By Amanda Murthy
In the first days of his pontificate, Pope Francis addressed the College of Cardinals asking them to “find new ways to spread the word of God to every corner of the world.”
Alpha in a Catholic Context Coordinator, Lorraine McCarthy, notes that many people these days are turning away from their faith and that we as a Church urgently need to find ways to reach out to them.
Mrs McCarthy says this needs to be done in a way that relates to people immersed in our modern culture.
Mrs McCarthy spoke exclusively to The eRecord during her visit to Perth, where she facilitated training sessions for more than 90 participants from seven parishes who are interested in running Alpha.
The training was held at Rockingham Parish Our Lady of Lourdes Church on Thursday and Friday April 12 and 13 and at Morley Parish Infant Jesus Church on Saturday 14 April.
Alpha, says Mrs McCarthy, is a tool for evangelisation, designed to introduce people who are disconnected from Church to an initial proclamation of the Good News of Jesus Christ, known as the ‘Kerygma.’
Each session has three parts which includes a meal, a talk via video and a small group discussion.
Some of the topics discussed during the 15 sessions include “Why did Jesus Die?” “How can I have Faith?”, “What does the Holy Spirit do?”, “Why and How do I Pray?” and “Does God Heal Today?”
The course was developed in the Anglican Parish of Holy Trinity Brompton, in London some 30 years ago. Since then, more than 27 million people have undertaken Alpha across numerous Christian denominations, in more than 116 countries.
Catholic Parishes all over the world have used Alpha, including in the United States of America, France, Spain, Malaysia and Mexico.
In 2017, more than 200 Alphas were run in Catholic Parishes in Australia.
“People need different sorts of faith formation experiences in different stages of their faith journey,” Mrs McCarthy explained.
“The Church does a lot of catechesis, assuming that people have already heard an initial proclamation.”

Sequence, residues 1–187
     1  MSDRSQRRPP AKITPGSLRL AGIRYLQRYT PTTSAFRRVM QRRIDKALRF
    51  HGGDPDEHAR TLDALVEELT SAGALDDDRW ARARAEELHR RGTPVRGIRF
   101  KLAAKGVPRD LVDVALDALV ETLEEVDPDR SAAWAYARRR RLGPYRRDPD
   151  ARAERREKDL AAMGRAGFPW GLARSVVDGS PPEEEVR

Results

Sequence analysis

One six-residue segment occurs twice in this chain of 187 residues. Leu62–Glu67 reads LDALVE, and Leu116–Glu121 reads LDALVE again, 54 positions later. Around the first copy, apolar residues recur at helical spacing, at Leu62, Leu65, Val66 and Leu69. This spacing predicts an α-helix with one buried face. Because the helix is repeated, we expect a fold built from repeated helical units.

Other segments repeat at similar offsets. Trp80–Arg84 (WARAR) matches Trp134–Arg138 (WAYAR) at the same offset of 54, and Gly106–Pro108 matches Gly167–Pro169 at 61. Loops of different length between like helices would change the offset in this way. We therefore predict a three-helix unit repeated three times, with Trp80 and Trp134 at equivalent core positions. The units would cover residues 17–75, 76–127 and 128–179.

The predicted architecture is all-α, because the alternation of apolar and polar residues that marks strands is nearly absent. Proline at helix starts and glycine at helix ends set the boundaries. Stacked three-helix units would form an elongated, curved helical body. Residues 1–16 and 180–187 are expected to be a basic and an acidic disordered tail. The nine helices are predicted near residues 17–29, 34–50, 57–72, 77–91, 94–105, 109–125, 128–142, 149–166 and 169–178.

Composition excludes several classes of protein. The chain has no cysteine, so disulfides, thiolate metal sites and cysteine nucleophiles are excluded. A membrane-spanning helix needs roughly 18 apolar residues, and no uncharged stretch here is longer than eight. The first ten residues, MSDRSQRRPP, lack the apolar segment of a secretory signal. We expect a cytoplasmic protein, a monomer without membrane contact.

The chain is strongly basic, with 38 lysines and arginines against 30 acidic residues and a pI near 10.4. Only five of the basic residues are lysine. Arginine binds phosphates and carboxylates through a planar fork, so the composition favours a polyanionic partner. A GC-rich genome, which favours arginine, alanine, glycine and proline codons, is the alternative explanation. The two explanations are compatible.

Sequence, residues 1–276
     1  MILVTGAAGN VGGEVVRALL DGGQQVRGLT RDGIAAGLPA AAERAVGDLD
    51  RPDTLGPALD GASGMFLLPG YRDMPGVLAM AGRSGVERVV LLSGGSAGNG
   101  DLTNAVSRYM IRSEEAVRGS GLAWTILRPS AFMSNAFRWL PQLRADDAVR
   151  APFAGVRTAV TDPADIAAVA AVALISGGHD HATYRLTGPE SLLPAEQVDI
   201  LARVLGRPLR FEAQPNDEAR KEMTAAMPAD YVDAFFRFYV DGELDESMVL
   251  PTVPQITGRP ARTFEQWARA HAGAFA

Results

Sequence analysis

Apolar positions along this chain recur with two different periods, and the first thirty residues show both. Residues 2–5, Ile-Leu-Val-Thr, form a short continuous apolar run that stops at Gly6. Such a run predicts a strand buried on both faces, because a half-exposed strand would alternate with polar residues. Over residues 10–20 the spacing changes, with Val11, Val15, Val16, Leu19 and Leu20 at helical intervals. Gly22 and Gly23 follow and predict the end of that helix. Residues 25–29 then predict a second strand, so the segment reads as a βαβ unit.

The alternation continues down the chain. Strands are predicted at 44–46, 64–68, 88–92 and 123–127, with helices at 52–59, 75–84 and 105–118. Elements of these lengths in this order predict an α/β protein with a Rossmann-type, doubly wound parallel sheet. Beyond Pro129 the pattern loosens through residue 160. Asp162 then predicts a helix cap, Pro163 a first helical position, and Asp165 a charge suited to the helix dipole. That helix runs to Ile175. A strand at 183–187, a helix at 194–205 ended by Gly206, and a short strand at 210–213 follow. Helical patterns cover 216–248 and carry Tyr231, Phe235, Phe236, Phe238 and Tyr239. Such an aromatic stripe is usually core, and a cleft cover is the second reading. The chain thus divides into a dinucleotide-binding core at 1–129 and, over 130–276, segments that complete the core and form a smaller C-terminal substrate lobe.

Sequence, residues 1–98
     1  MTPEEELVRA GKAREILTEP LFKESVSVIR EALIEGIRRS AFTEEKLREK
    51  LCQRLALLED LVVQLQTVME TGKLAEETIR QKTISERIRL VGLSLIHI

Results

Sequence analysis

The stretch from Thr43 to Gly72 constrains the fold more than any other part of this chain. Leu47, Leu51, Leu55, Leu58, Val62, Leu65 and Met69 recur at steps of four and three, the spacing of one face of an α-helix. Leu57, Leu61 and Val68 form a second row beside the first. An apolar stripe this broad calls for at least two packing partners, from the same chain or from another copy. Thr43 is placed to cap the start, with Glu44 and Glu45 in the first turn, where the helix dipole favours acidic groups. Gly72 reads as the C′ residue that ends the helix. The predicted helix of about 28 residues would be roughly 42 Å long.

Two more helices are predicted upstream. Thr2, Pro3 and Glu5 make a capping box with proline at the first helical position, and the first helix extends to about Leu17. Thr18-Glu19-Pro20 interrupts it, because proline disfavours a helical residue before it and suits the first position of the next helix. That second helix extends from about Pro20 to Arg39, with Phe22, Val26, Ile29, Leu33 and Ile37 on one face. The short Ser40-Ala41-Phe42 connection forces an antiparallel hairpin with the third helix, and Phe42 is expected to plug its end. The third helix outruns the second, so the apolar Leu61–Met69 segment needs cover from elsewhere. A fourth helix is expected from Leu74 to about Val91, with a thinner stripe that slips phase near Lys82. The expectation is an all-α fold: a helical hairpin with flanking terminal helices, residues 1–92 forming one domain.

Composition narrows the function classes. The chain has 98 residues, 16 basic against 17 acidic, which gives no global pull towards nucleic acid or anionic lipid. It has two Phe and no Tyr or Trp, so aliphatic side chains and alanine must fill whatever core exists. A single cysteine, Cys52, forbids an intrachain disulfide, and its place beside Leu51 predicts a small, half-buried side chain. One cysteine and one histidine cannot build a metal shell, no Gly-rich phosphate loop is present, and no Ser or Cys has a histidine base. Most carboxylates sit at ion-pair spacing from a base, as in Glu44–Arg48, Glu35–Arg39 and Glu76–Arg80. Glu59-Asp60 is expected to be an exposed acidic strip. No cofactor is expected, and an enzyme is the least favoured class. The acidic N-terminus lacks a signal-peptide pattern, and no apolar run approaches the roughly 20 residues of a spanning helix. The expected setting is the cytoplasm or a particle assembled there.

“Alpha embodies the Kerygma really well – it guides participants to meet people in the local Parish, to get to know Jesus better, be introduced to the Holy Spirit and to make a decision to invite God into their lives in a new or deeper way.
“After Alpha, people are often hungry for more catechesis and to be introduced to deeper teaching on the sacraments and Church doctrine,” she said.
Mrs McCarthy added that Alpha has been used effectively in Parishes before the Rite of Christian Initiation of Adults (RCIA).
The Alpha Youth Series, targeted at 12 to 18 year olds, has been used in numerous Parish youth groups.
“People are drawn to Alpha because it presents an opportunity to ask questions about faith in a welcoming, non-judgemental and fun environment,” Mrs McCarthy noted.
“Over the shared meal and the small group discussions, great friendships and trust develop, which invite and equip participants to deepen their relationship with God.
“I really want to encourage Catholics to live their faith as a community, to be proud of their faith and create a culture of invitation and evangelisation in our Parishes, so that we can reach those in our families and wider community who have are no longer a part of the Church,” she added.
Mrs McCarthy reiterated what Pope Francis said in his 2013 Apostolic Exhortation, Evangelii Gaudium.
“How many important things unite us! If we really believe in the abundantly free working of the Holy Spirit, we can learn so much from one another. It is not just about being better informed about others, but rather about reaping what the spirit has sown in them, which is also meant to be a gift for us.”
“Lastly, we cannot forget that evangelisation is first and foremost about preaching the Gospel to those who do not know Jesus Christ or who have always rejected him
“Christians have the duty to proclaim the Gospel without excluding anyone. Instead of seeming to impose new obligations, they should appear as people who wish to share their joy, who point to a horizon of beauty and who invite others to a delicious banquet.
“It is not by proselytising that the Church grows, but by ‘attraction’.”